A recently reported systematic review of 69 studies in 19 different types of cancers showed that most studies identified a positive or neutral association of B cells with survival, with fewer than 10% reporting a negative association (56). The most commonly used IHC marker for B-TIL is CD20, which detects both naive and memory B cells, but not differentiated plasma cells (PC), which are identified in most IHC studies as CD138 (syndecan-1) positive (12, 56). Other IHC markers utilized for PC include the immunoglobulin kappa constant (IGKC) as well as the ER-associated protein p63 (56). The transcription factor Pax5 is also used to establish the B cell lineage of lymphoid cancers (101). However, according to a recent meta-analysis, its use as an IHC marker for B-TIL in tumors has not been investigated (56). As previously described for other TIL subsets, in situ studies have revealed tumor-infiltrating PC and CD20+ B-TIL to be associated with both positive and negative prognostic outcomes (56). Relatively few studies have examined B-TIL in cutaneous melanoma with only two reports demonstrating a positive, one showing no effect and one revealing a negative prognostic association of CD20+ B cells (56). In 2011, Ladányi et al. showed that increased numbers of both intratumoral and peritumoral CD20+ B-TIL in cutaneous primary melanomas were associated with increased patient survival (102). In this report, activated T cells were also enumerated using the markers CD25 and OX40 (CD134). By combining B cell counts with activated T cell counts, patients were classified as high or low for CD20 and CD25 or OX40. It was observed that patients with high B cell and high activated T cells demonstrated the highest 5-year survival rates in the cohort while patients from the low B cells/low activated T cell subgroup displayed the poorest survival of all subgroups (102). In a more recent report in 2016, high numbers of CD20+ B cells in primary cutaneous melanomas with a Breslow thickness >1 mm were associated with improved survival (103). In addition, analysis of gene expression data from TCGA for over 300 cutaneous melanomas (primary tumors and metastatic tissues) showed CD20/CD19-high patients to exhibit significantly improved OS (103). In both of the aforementioned reports, the authors also found that primary tumors from patients with metastases displayed lower numbers of B cells compared to tumors from patients without metastases or in the case of the earlier report, patients without visceral metastases (102, 103). Therefore, these studies suggest that CD20+ B-TIL might serve an important role in promoting tumor immunity and limiting disease progression in melanoma. Further evidence for this notion is available from a study in metastatic melanoma lesions (multiple anatomic sites), where high numbers of both CD20+ B cells and CD138+ PC were found to be associated with improved survival (31). In the same report, they demonstrated that higher numbers of CD8+ TIL but not CD4+ TIL were associated with increased survival in metastatic melanomas (31). Thus, further studies are required to elucidate potential mechanisms through which B cells may promote CD8+ TIL responses. While it is known that B cells can produce immunostimulatory cytokines and act as APC, their precise effects on T cells in the TME remain poorly characterized (56). In contrast to the reports described above, a negative prognostic association has also been observed for B-TIL and PC in melanoma. In a study of 91 primary cutaneous melanomas where both CD3+ TIL and CD20+ B-TIL were enumerated, the latter were found to be associated with poor survival in cases where they represented 15% or more of all TIL (104). As this study utilizes a cut-off of CD20+ TIL as a proportion of CD3+ and CD20+ TIL, a comparison of their results to other studies which determined an association between survival and absolute numbers of B-TIL is particularly challenging. Furthermore, these findings are not in corroboration with studies in larger cohorts discussed above or with mechanistic studies in murine models. Depletion of B cells with an anti-CD20 antibody in B16 melanoma bearing mice resulted in increased tumor volume, metastatic capacity and impaired T cell immunity (105). As a whole, it can be inferred that while certain B cell subsets such as Breg may be immunosuppressive (99), improved survival of patients with high CD20 gene expression and with high numbers of CD20+ B-TIL in the majority of patient cohorts reported thus far, strongly supports an anti-tumor role for conventional B cells in cutaneous melanoma. In a study of primary cutaneous melanomas, it was observed that cases with high levels of PC (CD138+) displayed worse OS than those without any PC (106). Notably, however, cases with low numbers of scattered PC displayed better OS compared to cases with high PC scores (106). These observations suggest that both the functional diversity as well as the spatial localization of B cells and PC are important considerations when determining their prognostic and biological significance in the TME. Notably, the formation of ectopic lymphoid aggregates termed tertiary lymphoid structures (TLS) has been noted in many types of tumors and these TLS are zones of B cells, T cells and DC akin to secondary lymphoid organs (SLO) (107). As such, the prognostic and mechanistic significance of the localization of B-TIL and other leukocytes within TLS is a vital avenue of investigation in tumor immunology and cancer histopathology (107–109).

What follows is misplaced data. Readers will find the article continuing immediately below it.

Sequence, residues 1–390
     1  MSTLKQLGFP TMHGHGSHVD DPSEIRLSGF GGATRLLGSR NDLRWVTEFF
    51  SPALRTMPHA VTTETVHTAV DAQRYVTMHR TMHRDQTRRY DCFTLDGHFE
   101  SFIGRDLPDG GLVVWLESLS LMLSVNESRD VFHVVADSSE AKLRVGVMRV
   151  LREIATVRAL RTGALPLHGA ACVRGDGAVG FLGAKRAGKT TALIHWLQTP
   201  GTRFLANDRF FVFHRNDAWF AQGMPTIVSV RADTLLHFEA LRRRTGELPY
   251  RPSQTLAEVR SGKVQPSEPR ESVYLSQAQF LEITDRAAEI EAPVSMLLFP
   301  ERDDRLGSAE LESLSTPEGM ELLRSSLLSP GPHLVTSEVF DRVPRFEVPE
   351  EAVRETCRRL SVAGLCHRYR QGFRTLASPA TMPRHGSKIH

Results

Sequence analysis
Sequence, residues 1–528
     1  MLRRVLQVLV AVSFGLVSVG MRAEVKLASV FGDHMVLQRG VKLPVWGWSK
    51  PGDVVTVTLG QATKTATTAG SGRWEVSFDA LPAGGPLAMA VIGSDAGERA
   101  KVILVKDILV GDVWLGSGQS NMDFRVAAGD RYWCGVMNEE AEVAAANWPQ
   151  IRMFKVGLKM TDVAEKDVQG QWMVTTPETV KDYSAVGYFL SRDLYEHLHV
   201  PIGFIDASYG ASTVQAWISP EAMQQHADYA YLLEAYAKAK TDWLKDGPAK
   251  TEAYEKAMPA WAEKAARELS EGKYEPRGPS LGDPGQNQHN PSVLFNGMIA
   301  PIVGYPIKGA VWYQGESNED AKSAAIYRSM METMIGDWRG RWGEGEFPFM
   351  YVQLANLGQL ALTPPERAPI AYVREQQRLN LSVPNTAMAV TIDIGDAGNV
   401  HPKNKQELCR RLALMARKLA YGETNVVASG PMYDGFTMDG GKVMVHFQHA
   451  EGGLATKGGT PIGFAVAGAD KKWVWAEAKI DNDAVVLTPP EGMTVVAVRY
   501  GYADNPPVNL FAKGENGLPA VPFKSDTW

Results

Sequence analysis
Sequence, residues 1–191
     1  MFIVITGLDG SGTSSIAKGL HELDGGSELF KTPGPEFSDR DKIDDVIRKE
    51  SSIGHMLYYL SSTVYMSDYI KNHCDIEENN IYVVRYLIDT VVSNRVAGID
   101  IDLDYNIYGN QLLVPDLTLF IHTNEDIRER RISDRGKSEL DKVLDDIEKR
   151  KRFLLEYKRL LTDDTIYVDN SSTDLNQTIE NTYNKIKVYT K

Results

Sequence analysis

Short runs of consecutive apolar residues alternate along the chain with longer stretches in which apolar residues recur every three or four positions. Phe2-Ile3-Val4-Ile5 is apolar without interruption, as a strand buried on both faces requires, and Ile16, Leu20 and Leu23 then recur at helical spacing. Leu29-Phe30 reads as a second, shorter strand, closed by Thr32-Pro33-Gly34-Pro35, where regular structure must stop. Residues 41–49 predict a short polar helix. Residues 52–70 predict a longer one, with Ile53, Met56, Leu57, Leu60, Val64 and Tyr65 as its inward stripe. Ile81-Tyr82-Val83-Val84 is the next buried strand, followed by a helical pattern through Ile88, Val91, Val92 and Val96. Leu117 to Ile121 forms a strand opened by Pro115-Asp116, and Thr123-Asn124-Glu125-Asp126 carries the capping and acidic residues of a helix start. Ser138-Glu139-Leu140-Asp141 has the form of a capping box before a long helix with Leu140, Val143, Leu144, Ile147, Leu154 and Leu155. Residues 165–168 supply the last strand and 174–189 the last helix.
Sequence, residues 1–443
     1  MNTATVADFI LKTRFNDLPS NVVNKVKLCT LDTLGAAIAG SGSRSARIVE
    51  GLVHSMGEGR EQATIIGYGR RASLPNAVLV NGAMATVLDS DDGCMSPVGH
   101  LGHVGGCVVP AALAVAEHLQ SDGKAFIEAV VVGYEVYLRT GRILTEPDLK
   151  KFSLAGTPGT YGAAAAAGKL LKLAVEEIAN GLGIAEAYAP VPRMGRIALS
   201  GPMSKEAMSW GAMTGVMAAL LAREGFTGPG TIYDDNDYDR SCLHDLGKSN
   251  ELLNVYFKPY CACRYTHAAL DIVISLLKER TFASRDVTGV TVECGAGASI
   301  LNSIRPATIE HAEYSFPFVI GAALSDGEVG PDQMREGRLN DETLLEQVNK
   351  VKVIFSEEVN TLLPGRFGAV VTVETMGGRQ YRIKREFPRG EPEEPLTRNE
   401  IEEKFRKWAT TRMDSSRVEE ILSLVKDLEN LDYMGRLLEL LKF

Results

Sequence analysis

Tertiary Lymphoid Structures